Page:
Community Connections links offenders with stabilizing resources

BI operates eight Spotlight Reentry Centers for the Illinois Department of Corrections. These centers have helped the DOC to manage thousands of parolees in the community since opening more than a decade ago. The goals of the Spotlight Reentry Center include reducing the prison population by diverting individuals to community supervision and helping clients stay crime-free once released to the community. Studies have shown these reentry programs help reduce costly recidivism through intensive, evidence-based practices supervision, treatment and training. The centers are open seven days a week.

A key component of the Spotlight Reentry Centers – in fact, a key component of all BI day reporting programs – is a program called Community Connections. As part of Community Connections, local agencies, businesses and coalitions deliver frequent presentations for parolees. Parolees are advised of the significant resources available within their community, which allows them to find the assistance they need to stay out of prison and lead productive crime-free lives.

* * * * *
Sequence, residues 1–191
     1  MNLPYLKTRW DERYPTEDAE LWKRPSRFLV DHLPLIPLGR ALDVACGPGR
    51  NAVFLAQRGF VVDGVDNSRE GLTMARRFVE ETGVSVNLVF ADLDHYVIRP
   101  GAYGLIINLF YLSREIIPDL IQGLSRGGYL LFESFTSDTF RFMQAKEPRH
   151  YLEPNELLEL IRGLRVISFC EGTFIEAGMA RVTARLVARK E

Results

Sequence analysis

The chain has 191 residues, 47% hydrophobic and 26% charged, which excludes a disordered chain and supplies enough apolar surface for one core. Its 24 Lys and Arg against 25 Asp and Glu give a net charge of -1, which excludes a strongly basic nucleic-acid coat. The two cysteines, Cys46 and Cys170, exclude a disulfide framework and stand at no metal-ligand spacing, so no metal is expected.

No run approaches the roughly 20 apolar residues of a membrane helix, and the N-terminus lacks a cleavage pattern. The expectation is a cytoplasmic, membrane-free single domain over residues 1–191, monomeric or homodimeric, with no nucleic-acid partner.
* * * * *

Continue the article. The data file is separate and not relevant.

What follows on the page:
Spotlight Center staff will identify community agencies, businesses and coalitions that can be long term resources for this client population. Speakers present on the resources that they have available and on topics to assist the process of reintegration and restoration of parolees back into the community. They also welcome parolees back into the community, with the understanding that if the person is willing to become a productive community member, then much assistance is available. Families of parolees are encouraged to attend program sessions and participate in the open discussions.

For example, Jacqueline Penny, an Employment Security Specialist with the Illinois Department of Employment Security, is a frequent presenter via the Community Connections program.  Her agency operates the state’s unemployment insurance program, the Illinois employment services, veterans’ programs, job training and other special workforce development programs for the unemployed and underemployed. She helps Spotlight Center clients to connect with employers. Penny said a typical presentation include 25 to 30 parolees.

Penny has been involved with the state department since 1975, yet she says what she sees at the Spotlight Reentry Centers is unique. “I’ve seen a lot of programs for ex-offenders over the years, and this program has a very positive energy to it. The people here, many of who are ex-offenders themselves, who really care about what they are doing.”